Non-clinical early years placement
I began the MSc Speech & Language Sciences at University College London in August 2016. This is a 25-month, full-time course. During the autumn term we attend lectures three days each week, one day is dedicated to private study and one day is spent on placement. The first placement is a non-clinical early years placement and the purpose is to observe young children in an early years setting to gain a better understanding of typical development. As part of an introductory module, our task is to create our own developmental norms table from birth to 7 years which we can use throughout our training. It is obviously important to understand what milestone you would expect a child to achieve at a specific age and the stages of typical development so that we may identify atypical development and apply appropriate intervention.
My placement was in the reception class of a primary school where thirty children aged 4-5 years are supported by a teacher and one teaching assistant. The placement was four days over a four-week period which allows time to reflect on our observations and learning.
The image included here was from my first day when the children were engaged in an activity drawing dinosaurs. Previously, in their phonics session they practiced producing the /d/ sound and learnt how to write the letter ‘d’. We were encouraged to join in the activity and it was a lovely opportunity to listen to the group.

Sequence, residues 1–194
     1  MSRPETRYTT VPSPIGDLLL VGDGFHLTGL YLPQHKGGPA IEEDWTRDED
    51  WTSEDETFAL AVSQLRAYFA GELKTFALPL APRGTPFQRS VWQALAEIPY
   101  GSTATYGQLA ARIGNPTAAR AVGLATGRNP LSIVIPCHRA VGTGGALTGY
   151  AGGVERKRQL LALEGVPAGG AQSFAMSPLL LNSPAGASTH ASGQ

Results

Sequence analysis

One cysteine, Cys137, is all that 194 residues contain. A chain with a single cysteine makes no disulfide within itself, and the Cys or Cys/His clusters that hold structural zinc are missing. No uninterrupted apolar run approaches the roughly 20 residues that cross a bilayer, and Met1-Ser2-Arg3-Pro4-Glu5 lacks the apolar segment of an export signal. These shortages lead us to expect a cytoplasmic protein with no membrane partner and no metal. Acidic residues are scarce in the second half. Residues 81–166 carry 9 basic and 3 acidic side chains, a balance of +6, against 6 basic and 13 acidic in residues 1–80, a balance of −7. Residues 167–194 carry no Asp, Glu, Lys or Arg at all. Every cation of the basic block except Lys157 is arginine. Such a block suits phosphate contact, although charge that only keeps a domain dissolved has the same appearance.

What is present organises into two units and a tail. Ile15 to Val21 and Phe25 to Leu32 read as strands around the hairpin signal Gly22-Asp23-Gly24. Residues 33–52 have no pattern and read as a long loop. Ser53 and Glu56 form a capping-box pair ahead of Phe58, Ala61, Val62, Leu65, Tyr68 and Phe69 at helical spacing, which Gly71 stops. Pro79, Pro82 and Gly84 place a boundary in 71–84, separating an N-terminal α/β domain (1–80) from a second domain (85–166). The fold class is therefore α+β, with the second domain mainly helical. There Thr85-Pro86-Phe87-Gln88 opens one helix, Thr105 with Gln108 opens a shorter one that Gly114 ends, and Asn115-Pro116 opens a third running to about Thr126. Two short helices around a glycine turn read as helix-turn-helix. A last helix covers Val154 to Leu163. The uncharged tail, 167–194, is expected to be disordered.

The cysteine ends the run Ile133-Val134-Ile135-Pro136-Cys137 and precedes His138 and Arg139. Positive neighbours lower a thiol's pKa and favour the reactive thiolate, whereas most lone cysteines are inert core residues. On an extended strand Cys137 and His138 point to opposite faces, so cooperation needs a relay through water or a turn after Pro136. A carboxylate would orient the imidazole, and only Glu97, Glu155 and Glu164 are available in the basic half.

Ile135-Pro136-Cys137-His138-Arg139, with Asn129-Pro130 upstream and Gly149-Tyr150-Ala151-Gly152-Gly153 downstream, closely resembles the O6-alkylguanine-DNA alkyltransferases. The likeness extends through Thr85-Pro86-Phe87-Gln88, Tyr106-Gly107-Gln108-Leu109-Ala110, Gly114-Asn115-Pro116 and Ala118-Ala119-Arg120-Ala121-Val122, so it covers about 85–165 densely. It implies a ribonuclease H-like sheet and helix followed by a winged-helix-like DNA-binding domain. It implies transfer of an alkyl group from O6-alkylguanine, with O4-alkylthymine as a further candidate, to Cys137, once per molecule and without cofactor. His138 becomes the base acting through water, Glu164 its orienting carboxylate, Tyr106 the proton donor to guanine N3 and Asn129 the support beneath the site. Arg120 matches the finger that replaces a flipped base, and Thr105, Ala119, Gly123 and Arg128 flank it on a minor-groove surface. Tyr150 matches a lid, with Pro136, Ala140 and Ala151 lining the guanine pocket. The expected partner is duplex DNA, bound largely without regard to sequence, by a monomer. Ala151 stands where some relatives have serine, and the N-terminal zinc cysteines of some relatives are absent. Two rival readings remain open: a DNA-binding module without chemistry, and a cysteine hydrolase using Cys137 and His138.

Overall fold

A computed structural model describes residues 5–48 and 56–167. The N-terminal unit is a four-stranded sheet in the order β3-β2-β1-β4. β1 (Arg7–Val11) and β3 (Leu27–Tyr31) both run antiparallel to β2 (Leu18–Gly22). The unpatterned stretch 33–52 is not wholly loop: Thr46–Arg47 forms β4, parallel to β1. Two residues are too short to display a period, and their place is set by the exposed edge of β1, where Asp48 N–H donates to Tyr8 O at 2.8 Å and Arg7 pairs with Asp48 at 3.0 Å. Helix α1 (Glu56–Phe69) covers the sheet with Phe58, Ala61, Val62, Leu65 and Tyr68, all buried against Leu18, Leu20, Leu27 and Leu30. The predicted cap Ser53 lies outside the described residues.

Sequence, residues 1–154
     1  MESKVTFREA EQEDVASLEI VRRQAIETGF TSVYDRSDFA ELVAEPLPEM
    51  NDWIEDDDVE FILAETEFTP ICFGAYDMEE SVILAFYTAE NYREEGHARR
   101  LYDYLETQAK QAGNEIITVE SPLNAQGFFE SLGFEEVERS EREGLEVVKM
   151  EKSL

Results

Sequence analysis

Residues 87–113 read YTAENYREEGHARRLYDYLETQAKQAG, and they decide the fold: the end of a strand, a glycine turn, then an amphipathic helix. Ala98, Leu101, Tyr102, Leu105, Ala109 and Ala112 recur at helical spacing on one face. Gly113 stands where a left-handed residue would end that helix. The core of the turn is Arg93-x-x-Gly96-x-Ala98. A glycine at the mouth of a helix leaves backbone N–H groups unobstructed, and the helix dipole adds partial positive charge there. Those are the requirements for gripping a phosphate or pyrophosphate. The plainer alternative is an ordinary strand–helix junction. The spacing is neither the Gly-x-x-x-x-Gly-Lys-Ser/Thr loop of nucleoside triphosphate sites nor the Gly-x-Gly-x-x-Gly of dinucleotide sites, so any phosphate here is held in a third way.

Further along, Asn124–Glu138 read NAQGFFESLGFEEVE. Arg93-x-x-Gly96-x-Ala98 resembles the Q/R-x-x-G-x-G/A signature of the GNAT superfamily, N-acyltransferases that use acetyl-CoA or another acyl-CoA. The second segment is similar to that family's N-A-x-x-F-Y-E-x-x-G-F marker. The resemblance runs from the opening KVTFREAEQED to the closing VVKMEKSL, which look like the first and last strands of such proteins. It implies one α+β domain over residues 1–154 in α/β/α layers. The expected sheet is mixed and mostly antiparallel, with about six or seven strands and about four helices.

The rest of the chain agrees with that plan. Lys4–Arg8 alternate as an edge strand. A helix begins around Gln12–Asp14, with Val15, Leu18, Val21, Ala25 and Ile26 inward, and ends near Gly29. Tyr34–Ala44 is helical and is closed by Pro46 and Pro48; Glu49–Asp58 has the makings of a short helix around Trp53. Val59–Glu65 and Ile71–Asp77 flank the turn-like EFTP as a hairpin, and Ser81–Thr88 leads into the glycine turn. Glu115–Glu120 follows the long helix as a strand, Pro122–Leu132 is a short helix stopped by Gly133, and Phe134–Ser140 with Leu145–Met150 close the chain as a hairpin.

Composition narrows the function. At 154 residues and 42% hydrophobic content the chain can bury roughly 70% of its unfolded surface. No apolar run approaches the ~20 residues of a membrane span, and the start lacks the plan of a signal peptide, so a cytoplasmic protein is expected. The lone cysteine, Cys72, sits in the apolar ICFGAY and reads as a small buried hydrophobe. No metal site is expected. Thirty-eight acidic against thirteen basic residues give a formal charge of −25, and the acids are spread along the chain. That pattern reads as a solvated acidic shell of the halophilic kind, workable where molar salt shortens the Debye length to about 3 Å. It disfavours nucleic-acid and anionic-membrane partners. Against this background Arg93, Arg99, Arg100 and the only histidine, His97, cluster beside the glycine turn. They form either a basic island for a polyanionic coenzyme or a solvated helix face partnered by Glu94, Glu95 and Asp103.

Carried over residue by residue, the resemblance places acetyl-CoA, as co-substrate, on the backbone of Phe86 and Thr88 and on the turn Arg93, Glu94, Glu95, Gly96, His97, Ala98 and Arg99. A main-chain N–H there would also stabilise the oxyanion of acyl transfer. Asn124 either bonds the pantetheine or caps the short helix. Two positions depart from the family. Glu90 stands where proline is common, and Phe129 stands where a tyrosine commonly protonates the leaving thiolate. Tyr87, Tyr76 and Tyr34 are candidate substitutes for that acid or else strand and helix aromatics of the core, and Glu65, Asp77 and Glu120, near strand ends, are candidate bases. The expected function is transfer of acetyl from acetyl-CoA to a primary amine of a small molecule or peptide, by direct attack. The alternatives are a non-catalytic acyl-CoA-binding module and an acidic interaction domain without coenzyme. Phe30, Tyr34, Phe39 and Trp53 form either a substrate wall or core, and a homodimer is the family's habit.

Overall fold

My early years placement assignment allowed me to focus on one child and observe her expressive language in detail, such as ‘can link phrases with the conjunction and’ a then give a summary of my observation findings and to pose interpretations of these observations. This allowed me to then write a reflective summary. I observed this child engaging in various activities including imaginary play, a phonics session and literacy session. I really enjoyed being able to link the theory of child development to my own observations. It wasn’t all plain sailing: on my first observation I arrived with my fancy new notebook to a session where the children were making paper mache models of their homes. By the end I had abandoned my note-taking as after requests to ‘help’ the pages were messy and I was reminded how fun it is talking to the children about what they were doing (and picking the glue off your fingers afterwards!)
This was a really valuable experience and I’m particularly grateful to the class teacher and the foundation stage leader for taking time our of their busy schedules to spend time with me. Returning to university hasn't been without difficulties and I have had a bit of a wobble (am I doing the right thing?) but I shall talk more about this in my next blog. I’m looking forward to my next placement which starts next month. This is a clinical placement working with a speech and language therapist working across a number of schools.